‘(Not Provided)’: SEO 5 Years Later


SEO is always getting more challenging.

Machine learning and RankBrain are among the biggest challenges.

However, one of the biggest frustrations is the lack of keyword-level data from Google.

Today, we work with less data than ever from Google, which makes it hard to do our jobs well.

Google started taking away keyword-level data in September 2013.

Keywords became “(not provided)”.

We all just had to get used to it.

Without access to the same keyword data, we had to adjust to a new way of doing things.

Now it’s five years later, and “(not provided)” is still making it hard for us to make informed decisions on SEO strategy.

SEO is also more dynamic than ever before. Organic search results are continuing to get pushed down the fold in the SERPs due to elements like special content results blocks and paid search ads.

So what can we do?

While there are many tools on the market that provide workarounds for “(not provided)”, here are the top six ways to get around it.

1. Use Google AdWords

Google still provides keyword-level data for those running paid search campaigns.

SEO pros should be working closely with their PPC team and sharing keyword level learnings to see which keywords:

  • Convert well.
  • Don’t convert well.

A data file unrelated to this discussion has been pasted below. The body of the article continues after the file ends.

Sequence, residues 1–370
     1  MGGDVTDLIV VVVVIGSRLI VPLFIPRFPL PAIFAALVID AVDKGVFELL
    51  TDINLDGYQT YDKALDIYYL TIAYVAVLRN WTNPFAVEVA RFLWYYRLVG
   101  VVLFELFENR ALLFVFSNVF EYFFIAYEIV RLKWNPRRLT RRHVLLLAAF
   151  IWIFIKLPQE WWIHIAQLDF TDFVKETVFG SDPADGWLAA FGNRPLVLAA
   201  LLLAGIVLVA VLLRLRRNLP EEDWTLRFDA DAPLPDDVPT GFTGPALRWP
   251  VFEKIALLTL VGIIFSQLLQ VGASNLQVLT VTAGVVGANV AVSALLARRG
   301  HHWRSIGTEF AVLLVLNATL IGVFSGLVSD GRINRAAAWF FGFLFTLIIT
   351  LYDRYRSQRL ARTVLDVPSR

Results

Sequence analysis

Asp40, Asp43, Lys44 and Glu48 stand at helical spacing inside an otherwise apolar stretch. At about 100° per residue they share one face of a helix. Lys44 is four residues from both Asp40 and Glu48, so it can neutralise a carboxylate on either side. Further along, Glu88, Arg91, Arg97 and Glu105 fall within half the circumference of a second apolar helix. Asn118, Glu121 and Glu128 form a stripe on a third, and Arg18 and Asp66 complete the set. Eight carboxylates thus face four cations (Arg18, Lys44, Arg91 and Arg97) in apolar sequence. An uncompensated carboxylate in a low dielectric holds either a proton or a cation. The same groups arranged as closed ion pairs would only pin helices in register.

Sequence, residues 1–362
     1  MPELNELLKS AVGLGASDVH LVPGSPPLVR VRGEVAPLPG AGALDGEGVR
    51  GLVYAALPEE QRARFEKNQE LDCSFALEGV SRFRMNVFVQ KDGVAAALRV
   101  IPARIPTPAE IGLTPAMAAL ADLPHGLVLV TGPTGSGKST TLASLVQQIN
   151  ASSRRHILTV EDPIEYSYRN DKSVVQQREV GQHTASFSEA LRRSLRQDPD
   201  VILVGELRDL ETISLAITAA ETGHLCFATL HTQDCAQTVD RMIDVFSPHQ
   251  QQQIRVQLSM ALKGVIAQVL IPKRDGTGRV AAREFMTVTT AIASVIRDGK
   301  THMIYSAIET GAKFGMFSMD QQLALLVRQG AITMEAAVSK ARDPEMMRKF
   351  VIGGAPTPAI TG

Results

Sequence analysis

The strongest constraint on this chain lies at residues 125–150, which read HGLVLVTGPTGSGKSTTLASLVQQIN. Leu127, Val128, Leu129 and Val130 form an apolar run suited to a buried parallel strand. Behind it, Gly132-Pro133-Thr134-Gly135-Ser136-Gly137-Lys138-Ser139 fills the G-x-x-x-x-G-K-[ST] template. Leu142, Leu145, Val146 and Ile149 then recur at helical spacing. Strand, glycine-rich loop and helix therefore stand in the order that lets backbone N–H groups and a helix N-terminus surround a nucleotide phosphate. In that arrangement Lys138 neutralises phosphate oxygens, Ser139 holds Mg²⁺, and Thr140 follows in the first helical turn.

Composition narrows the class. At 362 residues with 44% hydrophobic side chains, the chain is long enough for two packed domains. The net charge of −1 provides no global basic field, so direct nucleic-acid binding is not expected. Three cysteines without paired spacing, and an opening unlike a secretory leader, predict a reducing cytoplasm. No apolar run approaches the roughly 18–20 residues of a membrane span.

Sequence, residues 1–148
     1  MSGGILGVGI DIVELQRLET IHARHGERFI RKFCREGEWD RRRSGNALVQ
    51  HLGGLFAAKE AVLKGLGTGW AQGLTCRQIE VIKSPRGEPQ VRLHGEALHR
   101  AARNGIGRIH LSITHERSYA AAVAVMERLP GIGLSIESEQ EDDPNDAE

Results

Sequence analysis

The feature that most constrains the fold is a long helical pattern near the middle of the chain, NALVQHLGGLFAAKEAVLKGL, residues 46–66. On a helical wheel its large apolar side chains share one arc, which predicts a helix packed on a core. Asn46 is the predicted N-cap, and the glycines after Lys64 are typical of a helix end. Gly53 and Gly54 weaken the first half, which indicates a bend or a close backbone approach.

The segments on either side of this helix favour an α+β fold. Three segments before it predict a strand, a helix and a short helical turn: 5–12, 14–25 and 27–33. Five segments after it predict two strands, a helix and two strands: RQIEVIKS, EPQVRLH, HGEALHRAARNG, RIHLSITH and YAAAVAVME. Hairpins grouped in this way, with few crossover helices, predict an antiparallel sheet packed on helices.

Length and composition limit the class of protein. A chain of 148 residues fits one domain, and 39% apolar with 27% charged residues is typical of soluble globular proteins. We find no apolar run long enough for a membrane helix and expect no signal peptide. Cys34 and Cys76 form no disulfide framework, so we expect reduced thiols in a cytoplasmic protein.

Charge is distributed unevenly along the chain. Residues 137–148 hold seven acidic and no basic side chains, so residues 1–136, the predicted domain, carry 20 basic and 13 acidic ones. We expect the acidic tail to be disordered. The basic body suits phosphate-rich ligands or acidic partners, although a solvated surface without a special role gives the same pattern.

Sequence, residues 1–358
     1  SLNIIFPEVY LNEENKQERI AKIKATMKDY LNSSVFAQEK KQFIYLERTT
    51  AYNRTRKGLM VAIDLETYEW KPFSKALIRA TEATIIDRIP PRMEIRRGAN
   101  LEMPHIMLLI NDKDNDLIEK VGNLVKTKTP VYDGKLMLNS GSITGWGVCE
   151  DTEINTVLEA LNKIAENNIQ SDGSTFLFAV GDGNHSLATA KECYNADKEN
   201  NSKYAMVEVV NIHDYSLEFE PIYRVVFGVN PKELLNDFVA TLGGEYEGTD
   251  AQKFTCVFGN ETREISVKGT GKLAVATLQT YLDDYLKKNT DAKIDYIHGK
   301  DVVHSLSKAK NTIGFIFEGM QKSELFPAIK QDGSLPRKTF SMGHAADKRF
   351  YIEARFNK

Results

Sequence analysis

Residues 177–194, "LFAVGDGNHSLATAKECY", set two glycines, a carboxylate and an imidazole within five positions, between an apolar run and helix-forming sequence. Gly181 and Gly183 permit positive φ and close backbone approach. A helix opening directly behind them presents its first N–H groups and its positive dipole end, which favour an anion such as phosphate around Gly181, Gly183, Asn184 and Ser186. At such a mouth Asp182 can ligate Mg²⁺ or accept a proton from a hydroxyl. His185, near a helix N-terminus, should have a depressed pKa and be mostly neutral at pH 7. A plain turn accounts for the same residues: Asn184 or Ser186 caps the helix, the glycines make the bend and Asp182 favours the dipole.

• Attract a lot of traffic.
  • Cannibalize organic search.

This is a win-win for both parties.

Stop thinking of paid and organic search as separate channels – it’s all one search experience.

2. Use Historical Data

If your site has been online for a long time, look back at your data before Google made the change. See which keywords provided the most conversions and traffic.

You could find this data in your old ranking reports or synergy reports.

Branded keywords should provide a decent amount of traffic and conversions, but pay attention to branded keywords that may no longer rank in the top 3 listings that used to drive visibility and performance.

SEMrush provides a good amount of historical data if you can’t get access to your past analytics.

3. You Can Still Get Limited Data from Your Analytics Platform

Google secure search is still not 100 percent, although it is close (usually it’s 90+ percent).

So Google still does give some data for unencrypted keywords.

Look at your analytics and see what keywords are still provided and driving traffic and conversions.

This can help you with your SEO strategy.

4. Look at Page-Level Performance

Keywords are still important for SEO but so is looking at performance at the landing page level.

Grouping pages together according to the hierarchy of your site can give you some insights into organic performance for different categories, subcategories, and products.

5. Don’t Forget About Your SEO Platform

BrightEdge, Searchmetrics and other SEO platforms provide estimated keyword level data as well as page level performance that can help you uncover keyword opportunities to improve your client’s SEO performance and help with strategy

6. Google Search Console